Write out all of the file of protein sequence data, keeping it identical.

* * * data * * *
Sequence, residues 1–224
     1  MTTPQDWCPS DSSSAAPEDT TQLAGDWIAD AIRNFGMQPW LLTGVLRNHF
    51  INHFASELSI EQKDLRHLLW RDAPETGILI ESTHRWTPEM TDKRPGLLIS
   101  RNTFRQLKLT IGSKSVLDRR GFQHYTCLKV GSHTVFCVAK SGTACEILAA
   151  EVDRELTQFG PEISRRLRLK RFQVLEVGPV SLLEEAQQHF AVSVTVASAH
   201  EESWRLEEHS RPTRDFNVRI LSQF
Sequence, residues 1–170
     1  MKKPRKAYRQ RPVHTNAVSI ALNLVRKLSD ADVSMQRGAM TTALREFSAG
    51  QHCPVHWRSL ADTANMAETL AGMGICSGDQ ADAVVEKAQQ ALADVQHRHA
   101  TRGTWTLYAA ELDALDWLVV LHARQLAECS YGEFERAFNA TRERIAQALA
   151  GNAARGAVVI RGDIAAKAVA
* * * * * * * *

Sequence, residues 1–224
     1  MTTPQDWCPS DSSSAAPEDT TQLAGDWIAD AIRNFGMQPW LLTGVLRNHF
    51  INHFASELSI EQKDLRHLLW RDAPETGILI ESTHRWTPEM TDKRPGLLIS
   101  RNTFRQLKLT IGSKSVLDRR GFQHYTCLKV GSHTVFCVAK SGTACEILAA
   151  EVDRELTQFG PEISRRLRLK RFQVLEVGPV SLLEEAQQHF AVSVTVASAH
   201  EESWRLEEHS RPTRDFNVRI LSQF
Sequence, residues 1–170
     1  MKKPRKAYRQ RPVHTNAVSI ALNLVRKLSD ADVSMQRGAM TTALREFSAG
    51  QHCPVHWRSL ADTANMAETL AGMGICSGDQ ADAVVEKAQQ ALADVQHRHA
   101  TRGTWTLYAA ELDALDWLVV LHARQLAECS YGEFERAFNA TRERIAQALA
   151  GNAARGAVVI RGDIAAKAVA